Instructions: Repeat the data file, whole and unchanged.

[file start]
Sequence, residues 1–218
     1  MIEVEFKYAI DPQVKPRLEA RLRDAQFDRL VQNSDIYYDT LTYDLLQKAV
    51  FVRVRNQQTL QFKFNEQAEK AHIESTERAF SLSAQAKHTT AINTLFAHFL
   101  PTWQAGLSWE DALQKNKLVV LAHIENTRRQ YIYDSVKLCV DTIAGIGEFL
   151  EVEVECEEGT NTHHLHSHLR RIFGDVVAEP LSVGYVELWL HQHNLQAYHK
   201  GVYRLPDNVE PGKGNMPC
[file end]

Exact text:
Sequence, residues 1–218
     1  MIEVEFKYAI DPQVKPRLEA RLRDAQFDRL VQNSDIYYDT LTYDLLQKAV
    51  FVRVRNQQTL QFKFNEQAEK AHIESTERAF SLSAQAKHTT AINTLFAHFL
   101  PTWQAGLSWE DALQKNKLVV LAHIENTRRQ YIYDSVKLCV DTIAGIGEFL
   151  EVEVECEEGT NTHHLHSHLR RIFGDVVAEP LSVGYVELWL HQHNLQAYHK
   201  GVYRLPDNVE PGKGNMPC